Minister accused of intimidating Enterprise Estonia supervisory board as CEO steps down

Minister of Entrepreneurship Liisa Oviir. (Postimees/Scanpix)
11/17/2016 4:09 PM
Category: News

On Wednesday the supervisory board of Enterprise Estonia decided to recall CEO Hanno Tomberg. The decision followed criticism by Minister of Entrepreneurship Liisa Oviir (SDE), who had demanded that Tomberg’s contract be terminated. Former minister Anne Sulling accused Oviir on Thursday of having forced the move by threatening to sack the entire board.

Tomberg will step down on Nov. 26. His getting sacked is the latest development in the upheaval surrounding a grant to Ermamaa, the company of former president Toomas Hendrik Ilves, which had intended to build a tourism farm and conference venue at the location of Ilves’ country home, Ärma Farm.

Oviir said she found the supervisory board’s decision to let Tomberg go “wise”, as in the present situation Enterprise Estonia’s reputation was at stake, and the management was to be blamed for it.

Oviir takes heavy criticism, is accused of intimidating Enterprise Estonia’s supervisory board

Anne Sulling, who preceded Oviir in the office of Minister of Entrepreneurship and who until recently was a member of Enterprise Estonia’s supervisory board, wrote on social media on Thursday that Oviir had intimidated those who made the decision to recall Tomberg.

Several members had hinted that Oviir had presented the supervisory board with the choice of either sacking Tomberg, or in turn be sacked themselves. “With this in mind some members of the supervisory board calculated that it was in the interest of EAS [Enterprise Estonia] for some leadership to remain, as Oviir would appoint a board that would sack the management either way,” Sulling wrote on Facebook.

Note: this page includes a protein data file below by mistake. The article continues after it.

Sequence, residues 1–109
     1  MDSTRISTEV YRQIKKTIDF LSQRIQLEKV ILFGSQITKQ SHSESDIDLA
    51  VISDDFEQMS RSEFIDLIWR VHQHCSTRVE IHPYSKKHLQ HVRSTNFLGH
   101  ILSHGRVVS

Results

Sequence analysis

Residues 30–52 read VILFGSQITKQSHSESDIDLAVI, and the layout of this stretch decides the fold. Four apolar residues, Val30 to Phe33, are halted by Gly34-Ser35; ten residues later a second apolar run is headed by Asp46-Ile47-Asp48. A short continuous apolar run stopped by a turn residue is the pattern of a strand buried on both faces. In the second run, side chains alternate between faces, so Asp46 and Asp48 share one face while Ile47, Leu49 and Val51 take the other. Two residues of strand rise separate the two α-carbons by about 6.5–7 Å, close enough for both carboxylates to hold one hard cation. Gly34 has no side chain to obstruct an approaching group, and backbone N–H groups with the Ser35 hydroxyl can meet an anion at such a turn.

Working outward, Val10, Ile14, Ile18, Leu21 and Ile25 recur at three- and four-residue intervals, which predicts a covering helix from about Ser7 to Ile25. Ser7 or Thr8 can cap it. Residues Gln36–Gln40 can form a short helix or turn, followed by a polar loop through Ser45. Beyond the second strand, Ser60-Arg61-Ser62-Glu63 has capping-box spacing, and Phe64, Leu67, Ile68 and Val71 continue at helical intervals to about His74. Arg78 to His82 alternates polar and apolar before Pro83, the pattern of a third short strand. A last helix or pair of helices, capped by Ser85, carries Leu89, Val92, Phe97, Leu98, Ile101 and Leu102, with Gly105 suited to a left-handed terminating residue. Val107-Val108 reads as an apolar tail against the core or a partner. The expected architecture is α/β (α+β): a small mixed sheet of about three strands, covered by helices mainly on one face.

According to Sulling, the department heads of Enterprise Estonia sent the supervisory board a letter on Wednesday morning asking to keep Tomberg as CEO, as cooperation with the management had never been this good.

Chairman of the Supervisory Board Erki Mölder told ERR on Thursday that he wouldn’t comment, and told them to talk to Minister Oviir instead.

Viljar Lubi, the board’s deputy chairman, said to ERR that as Anne Sulling was no longer a member of the supervisory board, he didn’t understand how she had come into possession of this information. “This topic wasn’t discussed in this form,” Lubi said.

Criticism of Oviir continued in the Riigikogu on Wednesday, where MP Kalle Palling (Reform) grilled the minister for her volatile attitude in the matter. Palling pointed out that Oviir had first defended Enterprise Estonia’s decision to demand only 10% of the grant back from Ermamaa, but had changed her approach when attention to the issue didn’t subside.

Prime Minister Taavi Rõivas said that the greatest damage hadn’t been done to Enterprise Estonia’s reputation, but to that of President Toomas Hendrik Ilves. Ilves had suffered from negative attention despite the fact that he as an individual had done nothing wrong, Rõivas pointed out, saying that if a state authority or a part of it made a decision and a citizen then followed it, it was hard to understand how the same authority would change the decision a few years later and demanded of the person affected to act differently.